💻 My cofounder Alice Zagury published an article last week on just what it means to go from hosting events in real life to hosting everything 100% online.

The big lesson? Just because you know how to put on an amazing event when everyone’s in the same room, it doesn’t mean you don’t have a ton to learn when everyone’s sitting on their couch and participating through their computer screen: The Family, Moving On…line!
I only know of one French grande école that was founded without any direction provided by the state. In reaction to France’s humiliating military defeat against Prussia in 1870, Émile Boutmy, a fringe entrepreneur, decided to found what later became Sciences Po (of which I’m an alumnus). His view was that the old elite had failed because the academics that had educated them were backward-looking and narrow-minded. Boutmy thought that a new elite should rise, one that would look forward and embrace a multi-disciplinary approach to the world and solving problems. Sound familiar 😼?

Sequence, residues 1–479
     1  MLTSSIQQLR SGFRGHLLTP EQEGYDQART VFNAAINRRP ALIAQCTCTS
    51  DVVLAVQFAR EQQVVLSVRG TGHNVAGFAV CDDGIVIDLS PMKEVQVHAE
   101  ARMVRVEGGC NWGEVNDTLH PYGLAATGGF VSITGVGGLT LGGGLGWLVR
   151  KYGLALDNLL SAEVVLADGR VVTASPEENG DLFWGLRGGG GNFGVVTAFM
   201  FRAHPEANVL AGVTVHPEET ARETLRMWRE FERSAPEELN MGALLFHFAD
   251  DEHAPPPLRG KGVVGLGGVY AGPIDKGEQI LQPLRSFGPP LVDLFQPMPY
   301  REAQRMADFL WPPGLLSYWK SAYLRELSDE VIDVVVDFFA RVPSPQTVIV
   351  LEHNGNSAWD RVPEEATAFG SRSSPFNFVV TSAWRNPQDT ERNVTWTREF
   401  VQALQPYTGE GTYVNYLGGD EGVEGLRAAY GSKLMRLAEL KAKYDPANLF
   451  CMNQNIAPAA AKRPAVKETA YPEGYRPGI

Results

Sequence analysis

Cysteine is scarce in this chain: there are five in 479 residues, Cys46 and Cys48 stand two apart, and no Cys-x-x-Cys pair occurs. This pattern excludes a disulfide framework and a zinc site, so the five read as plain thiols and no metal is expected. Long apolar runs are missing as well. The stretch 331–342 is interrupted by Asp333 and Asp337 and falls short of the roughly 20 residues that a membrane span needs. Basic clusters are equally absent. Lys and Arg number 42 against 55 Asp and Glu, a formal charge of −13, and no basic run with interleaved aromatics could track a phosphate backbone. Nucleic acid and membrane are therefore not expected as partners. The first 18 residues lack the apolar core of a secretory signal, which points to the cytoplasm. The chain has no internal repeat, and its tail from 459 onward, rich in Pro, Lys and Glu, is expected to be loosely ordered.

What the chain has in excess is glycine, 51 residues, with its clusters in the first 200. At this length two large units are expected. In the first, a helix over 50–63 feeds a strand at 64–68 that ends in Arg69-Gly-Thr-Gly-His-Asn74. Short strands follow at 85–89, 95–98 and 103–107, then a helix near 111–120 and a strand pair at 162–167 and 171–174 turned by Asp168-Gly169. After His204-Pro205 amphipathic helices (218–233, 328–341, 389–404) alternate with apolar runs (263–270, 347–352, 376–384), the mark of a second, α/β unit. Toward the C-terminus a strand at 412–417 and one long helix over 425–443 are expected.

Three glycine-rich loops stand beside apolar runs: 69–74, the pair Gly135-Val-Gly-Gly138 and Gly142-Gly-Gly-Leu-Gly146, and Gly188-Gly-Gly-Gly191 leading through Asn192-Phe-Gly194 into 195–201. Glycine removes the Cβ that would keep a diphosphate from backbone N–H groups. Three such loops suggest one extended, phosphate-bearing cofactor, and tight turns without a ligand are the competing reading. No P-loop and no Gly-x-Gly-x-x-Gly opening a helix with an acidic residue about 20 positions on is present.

And in case you missed it:

From Normandy, France 🇫🇷